Price tags are funny things. They’re just a few digits with a decimal and a dollar sign, and yet they’re responsible for summing up the entire lifetime value of a product. On the surface, price tags can be handy tools for making buying decisions: this price tag is cheaper than that one.
The problem with price tags is that they don’t describe the full value of the money you’re spending. By choosing to buy based only on a price tag, you might be missing out on the money-back guarantee attached to every single purchase you make in your hometown.
Every time you #ChooseTBayFirst by shopping at a local business, you help them to pay Thunder Bay workers, support Thunder Bay charities and sports teams, and pay Thunder Bay’s taxes. On the other hand, when you order online, your money goes to help someone else’s town.
This summer the Chamber team interviewed some of the local businesses carrying items like school supplies, clothing and electronics that you’ll be shopping for right about now. Here are some of the things we learned about them:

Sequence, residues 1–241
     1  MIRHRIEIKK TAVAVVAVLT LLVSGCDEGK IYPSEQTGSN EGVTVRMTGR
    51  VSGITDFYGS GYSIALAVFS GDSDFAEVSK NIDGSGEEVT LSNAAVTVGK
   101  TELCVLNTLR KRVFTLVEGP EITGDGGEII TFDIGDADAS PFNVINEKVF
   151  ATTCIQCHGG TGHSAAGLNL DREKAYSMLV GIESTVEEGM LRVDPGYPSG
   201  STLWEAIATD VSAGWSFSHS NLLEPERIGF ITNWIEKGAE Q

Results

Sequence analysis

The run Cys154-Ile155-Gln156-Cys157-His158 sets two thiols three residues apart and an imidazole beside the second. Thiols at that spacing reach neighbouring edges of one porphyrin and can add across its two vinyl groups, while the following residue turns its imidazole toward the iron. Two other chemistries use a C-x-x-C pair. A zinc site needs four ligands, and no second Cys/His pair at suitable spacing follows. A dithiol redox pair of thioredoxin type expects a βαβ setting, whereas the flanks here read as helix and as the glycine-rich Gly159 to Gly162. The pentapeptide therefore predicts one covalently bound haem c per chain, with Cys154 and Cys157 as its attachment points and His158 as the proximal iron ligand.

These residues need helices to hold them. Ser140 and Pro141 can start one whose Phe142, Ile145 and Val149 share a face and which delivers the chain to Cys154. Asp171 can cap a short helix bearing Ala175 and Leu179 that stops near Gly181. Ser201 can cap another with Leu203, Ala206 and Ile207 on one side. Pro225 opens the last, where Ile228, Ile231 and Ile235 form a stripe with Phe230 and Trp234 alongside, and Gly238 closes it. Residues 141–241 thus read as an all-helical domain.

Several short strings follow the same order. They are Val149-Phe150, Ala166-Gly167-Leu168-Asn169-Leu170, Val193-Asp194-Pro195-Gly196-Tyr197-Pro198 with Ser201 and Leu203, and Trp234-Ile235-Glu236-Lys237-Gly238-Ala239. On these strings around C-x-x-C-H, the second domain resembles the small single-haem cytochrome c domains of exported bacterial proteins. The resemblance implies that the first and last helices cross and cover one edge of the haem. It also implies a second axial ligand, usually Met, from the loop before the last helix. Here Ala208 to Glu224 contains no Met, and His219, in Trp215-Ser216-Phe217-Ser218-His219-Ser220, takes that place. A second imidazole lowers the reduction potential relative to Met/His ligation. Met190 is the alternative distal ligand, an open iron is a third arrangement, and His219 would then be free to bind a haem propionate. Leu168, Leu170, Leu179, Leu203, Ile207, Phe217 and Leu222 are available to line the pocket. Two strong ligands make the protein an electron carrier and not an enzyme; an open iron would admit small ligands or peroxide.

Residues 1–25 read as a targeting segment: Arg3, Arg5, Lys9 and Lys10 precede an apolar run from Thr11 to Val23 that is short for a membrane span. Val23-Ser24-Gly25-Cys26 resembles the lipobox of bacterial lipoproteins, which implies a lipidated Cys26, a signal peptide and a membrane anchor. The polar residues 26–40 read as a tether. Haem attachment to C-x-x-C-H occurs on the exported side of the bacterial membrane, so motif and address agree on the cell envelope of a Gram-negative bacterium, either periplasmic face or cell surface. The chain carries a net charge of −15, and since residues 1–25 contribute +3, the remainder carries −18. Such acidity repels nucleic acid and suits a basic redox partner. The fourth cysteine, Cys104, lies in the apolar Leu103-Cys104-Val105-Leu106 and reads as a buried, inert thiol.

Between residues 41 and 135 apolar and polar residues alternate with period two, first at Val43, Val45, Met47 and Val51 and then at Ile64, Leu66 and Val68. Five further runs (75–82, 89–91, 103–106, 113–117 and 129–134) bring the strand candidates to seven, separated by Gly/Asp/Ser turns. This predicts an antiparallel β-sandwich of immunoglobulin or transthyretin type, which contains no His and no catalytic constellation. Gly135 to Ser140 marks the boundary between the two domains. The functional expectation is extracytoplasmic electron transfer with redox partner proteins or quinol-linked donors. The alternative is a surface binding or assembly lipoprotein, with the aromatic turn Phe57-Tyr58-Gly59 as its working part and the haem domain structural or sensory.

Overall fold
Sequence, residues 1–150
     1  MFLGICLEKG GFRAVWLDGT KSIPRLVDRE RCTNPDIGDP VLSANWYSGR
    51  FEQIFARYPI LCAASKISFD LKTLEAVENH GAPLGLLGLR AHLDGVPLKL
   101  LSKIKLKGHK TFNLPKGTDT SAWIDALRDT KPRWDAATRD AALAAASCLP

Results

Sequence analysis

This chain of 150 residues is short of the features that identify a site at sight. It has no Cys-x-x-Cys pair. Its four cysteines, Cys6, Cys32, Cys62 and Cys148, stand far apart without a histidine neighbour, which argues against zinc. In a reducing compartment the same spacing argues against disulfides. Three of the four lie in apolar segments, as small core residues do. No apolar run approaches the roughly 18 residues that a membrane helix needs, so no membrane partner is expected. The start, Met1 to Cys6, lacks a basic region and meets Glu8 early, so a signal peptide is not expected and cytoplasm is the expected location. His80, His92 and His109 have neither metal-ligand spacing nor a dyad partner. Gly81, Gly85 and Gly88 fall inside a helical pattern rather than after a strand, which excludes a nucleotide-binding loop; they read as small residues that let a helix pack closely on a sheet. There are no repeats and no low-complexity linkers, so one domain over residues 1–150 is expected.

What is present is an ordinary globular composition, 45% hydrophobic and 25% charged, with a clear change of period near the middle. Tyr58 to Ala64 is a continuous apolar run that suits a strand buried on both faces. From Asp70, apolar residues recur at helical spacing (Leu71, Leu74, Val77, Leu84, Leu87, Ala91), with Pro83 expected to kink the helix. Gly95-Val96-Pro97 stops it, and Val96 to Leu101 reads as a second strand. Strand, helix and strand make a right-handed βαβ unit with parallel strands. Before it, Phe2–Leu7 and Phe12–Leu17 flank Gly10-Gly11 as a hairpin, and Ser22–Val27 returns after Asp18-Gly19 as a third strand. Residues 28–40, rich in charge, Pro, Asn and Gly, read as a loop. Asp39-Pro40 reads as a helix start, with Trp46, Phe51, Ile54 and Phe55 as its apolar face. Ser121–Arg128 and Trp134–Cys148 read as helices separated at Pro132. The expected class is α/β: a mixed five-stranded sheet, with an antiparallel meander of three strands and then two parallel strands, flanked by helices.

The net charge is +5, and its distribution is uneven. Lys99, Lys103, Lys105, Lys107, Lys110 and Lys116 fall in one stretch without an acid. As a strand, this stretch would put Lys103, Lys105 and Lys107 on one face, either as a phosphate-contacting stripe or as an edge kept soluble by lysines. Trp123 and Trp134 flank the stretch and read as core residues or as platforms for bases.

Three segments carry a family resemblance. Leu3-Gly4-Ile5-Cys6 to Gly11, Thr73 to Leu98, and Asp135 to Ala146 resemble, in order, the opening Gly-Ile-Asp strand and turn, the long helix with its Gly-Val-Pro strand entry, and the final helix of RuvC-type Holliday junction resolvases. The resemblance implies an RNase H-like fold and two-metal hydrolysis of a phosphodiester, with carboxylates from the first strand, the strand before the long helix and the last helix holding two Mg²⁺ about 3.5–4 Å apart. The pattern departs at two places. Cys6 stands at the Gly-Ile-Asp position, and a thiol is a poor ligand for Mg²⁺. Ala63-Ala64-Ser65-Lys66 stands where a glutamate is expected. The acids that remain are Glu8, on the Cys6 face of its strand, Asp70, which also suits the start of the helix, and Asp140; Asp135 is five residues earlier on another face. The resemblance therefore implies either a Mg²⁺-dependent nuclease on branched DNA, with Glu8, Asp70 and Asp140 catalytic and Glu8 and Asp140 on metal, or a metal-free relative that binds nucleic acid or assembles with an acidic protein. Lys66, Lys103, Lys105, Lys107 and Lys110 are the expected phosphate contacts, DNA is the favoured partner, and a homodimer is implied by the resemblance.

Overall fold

- The merchants and management of Intercity Shopping Centre employ over 1,200 people, including many students working towards a post-secondary education.
- Our three biggest office suppliers – Lowery’s, Staples and Thunder Bay Xerographics/The Office Supplier – employ about 150 staff between them.
- Local telecom company TBayTel employs 430 local people.
COMMUNITY GOOD DEEDS
- Local businesses like PC Medic often support dozens of local charities and events with donations of equipment, service, time and expertise.
- Lowery’s has raised over $150,000 to date for United Way of Thunder Bay.
- Staples’ local support of the City’s Summer Company program for kids has spawned partnerships between Staples and Community Economic Development offices across Ontario.
- Without the property taxes paid by Intercity Shopping Centre your home taxes would increase by about $80 a year.
- TbayTel’s annual dividend to the city of $17.25 million supports city services and subsidizes taxes for residents and businesses – a savings of over $330 per residential household.
- Representatives of the large online retailers were strangely unavailable for comment regarding their support of Thunder Bay.